Intimations of grace at the movies

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John Corbett, left, and David A.R.White in God’s Not Dead: A Light in Darkness. Photo: pureflix.com

The idea of grace is connected with the God-given gifts of virtue and redemption—worthy subjects for the person of faith to contemplate. But seeking intimations of grace at the movies can be a hit-and-miss affair. Films that overtly address religious faith typically have a proselytizing agenda, and their preoccupation with preaching usually gets in the way of good storytelling, overwhelming such basics as plot and character development with heavy-handed didacticism. Four recent movies touch on aspects of grace: three are explicitly Christian in perspective, while the fourth is implicitly grounded in faith.

The best of the quartette is Paul, Apostle of Christ. It’s the year 67 AD, and the apostle Paul (James Faulkner) is imprisoned in Rome, awaiting death, while the Christian community there is facing brutal persecution. They are convenient scapegoats, falsely accused of setting the fires that destroyed part of the city. Into this fraught, perilous setting comes the apostle Luke (Jim Caviezel, who played the lead in 2004’s The Passion of the Christ); he ministers to the beleaguered flock and visits Paul in prison to comfort his mentor while recording his story for posterity. Paul has unshakeable faith; he will not respond to violence and hate with more of the same: “Where sin abounds, grace abounds more.” His strength and Luke’s gentleness are admirable without seeming artificial. Solid performances, and a message that feels unforced, combine to pleasing result: “You are completely known to God, and you are completely loved.”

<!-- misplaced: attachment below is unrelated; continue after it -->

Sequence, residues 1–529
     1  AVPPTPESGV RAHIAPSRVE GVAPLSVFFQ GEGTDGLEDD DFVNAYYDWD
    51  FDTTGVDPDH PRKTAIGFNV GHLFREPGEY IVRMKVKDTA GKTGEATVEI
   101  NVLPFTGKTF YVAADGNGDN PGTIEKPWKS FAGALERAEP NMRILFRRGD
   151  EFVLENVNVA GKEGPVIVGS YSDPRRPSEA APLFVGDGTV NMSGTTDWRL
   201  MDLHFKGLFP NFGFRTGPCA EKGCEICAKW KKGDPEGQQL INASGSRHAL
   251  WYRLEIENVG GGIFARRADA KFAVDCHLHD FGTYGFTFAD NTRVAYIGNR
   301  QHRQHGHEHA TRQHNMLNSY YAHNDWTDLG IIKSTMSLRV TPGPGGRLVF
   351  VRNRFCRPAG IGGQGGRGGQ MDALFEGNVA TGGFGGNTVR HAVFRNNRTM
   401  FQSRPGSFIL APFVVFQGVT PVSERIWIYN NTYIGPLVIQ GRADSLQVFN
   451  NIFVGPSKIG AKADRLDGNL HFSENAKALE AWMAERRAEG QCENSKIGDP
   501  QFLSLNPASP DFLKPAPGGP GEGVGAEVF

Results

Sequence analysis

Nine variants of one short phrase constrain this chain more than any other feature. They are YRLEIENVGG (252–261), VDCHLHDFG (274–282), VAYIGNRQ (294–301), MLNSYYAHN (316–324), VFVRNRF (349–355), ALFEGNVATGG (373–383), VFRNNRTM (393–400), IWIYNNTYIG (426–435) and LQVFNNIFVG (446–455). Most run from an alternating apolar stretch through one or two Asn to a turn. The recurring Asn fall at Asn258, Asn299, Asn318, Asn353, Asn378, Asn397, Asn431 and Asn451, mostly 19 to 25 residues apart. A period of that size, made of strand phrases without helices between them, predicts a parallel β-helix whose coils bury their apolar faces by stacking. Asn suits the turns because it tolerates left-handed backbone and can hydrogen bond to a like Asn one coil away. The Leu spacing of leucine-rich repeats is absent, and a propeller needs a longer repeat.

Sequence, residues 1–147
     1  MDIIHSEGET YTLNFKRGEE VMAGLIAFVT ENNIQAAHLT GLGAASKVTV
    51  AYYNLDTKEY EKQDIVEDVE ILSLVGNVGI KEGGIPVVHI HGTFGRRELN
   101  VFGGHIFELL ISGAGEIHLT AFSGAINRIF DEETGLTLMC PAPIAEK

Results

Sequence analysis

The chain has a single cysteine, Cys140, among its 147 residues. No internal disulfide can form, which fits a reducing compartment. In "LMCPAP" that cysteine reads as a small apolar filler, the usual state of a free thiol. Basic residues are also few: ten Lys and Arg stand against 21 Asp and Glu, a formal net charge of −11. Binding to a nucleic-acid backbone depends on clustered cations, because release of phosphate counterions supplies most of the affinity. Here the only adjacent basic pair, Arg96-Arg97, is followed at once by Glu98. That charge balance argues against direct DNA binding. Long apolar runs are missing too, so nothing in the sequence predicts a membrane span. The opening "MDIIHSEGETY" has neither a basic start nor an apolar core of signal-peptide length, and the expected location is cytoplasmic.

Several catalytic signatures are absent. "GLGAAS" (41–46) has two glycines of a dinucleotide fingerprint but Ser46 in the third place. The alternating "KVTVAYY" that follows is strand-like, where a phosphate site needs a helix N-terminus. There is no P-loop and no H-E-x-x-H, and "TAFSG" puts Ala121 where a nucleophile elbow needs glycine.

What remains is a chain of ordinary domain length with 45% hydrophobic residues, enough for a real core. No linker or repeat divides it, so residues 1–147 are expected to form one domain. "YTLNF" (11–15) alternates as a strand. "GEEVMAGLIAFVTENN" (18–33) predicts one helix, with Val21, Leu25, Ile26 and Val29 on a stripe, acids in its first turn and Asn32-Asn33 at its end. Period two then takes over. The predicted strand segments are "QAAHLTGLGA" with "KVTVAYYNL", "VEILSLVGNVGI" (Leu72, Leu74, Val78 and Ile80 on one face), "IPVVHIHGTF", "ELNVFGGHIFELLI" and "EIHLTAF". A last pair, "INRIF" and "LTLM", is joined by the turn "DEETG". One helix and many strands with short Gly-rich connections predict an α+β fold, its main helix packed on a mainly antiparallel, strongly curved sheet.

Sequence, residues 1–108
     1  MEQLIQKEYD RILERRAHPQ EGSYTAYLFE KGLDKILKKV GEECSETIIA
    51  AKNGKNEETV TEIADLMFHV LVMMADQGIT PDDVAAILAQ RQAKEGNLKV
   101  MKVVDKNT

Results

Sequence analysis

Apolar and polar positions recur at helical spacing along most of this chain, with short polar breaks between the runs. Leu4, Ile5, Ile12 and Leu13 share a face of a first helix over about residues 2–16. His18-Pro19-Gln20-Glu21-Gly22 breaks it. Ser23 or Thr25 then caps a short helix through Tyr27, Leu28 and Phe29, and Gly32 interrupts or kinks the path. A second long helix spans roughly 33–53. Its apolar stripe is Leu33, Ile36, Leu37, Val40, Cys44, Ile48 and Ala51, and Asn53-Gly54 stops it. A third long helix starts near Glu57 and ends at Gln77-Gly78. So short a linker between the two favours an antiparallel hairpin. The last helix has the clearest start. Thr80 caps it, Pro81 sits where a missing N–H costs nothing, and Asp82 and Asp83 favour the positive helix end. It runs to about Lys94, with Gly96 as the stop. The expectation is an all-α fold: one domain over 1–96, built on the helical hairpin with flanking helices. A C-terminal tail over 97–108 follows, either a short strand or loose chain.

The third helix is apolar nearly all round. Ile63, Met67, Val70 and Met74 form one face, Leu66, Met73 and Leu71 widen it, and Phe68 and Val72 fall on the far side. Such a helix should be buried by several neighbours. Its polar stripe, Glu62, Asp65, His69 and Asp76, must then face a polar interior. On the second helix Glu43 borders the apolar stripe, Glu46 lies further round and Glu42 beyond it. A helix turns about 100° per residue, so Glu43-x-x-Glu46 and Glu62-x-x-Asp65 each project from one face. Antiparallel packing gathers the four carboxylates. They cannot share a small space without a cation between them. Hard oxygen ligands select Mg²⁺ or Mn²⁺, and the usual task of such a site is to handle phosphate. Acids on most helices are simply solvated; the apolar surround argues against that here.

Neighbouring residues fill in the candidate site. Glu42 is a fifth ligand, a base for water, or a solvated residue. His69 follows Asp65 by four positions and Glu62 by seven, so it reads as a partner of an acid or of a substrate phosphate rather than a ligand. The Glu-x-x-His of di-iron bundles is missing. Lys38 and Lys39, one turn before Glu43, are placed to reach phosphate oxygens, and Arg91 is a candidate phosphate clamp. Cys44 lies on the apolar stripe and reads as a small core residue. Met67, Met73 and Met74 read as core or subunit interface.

In God’s Not Dead: A Light in Darkness, a historic church situated on a secular university campus is no longer welcome. Its pastor fights the attempt at expropriation; things escalate. The minister is jailed for contempt of court for refusing to hand over transcripts of his sermons, though what is so controversial about their contents is never revealed. The result is artificial (real people don’t talk like this), heavy-handed and didactic. It suggests that organized religion is under attack by secular foes; but, so far (in the West, at least), that’s a hyperbolic premise. There’s a message here about forgiveness, humility and healing, but the film is slow to reach those self-evident conclusions. The writing and cast are uneven, with the standout (the engaging John Corbett) unexpectedly being a character who has lost his faith.

I Can Only Imagine is based on the true story of the lead singer for MercyMe, a Christian music band that struck a chord with the song that gives the film its title. It’s well-intentioned stuff—about turning pain to inspiration. But its protagonist (J. Michael Finley’s Bart Millard) is dull. The story gets much more emotional traction from others:  Dennis Quaid, as his physically abusive father; Trace Adkins, as his gruff agent; and Nicole DuPort, as the Christian singer Amy Grant.

A Wrinkle in Time, which sends children on a trans-dimensional journey to find a missing father, is a disappointment. The 1962 novel by Madeleine L’Engle is a classic about love, family, courage and self-acceptance. And director Ava DuVernay did first-rate work with 2014’s Selma. But authenticity is missing here, in a film hampered by inconsistent casting (the actors playing the young siblings are awkward), an overreliance on effects and a misreading of the story as an action piece, when it is actually anchored in relationships—the bonds that tie us together through thick and thin. It inflates the potency of evil. (“The only thing faster than light is the darkness.”) And the heart of the story, which is about grace, is neglected: “What if we are here for a reason? What if we are part of something truly divine?”

Copyright © 2018 by John Arkelian

 

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John Arkelian is an award-winning author and journalist.

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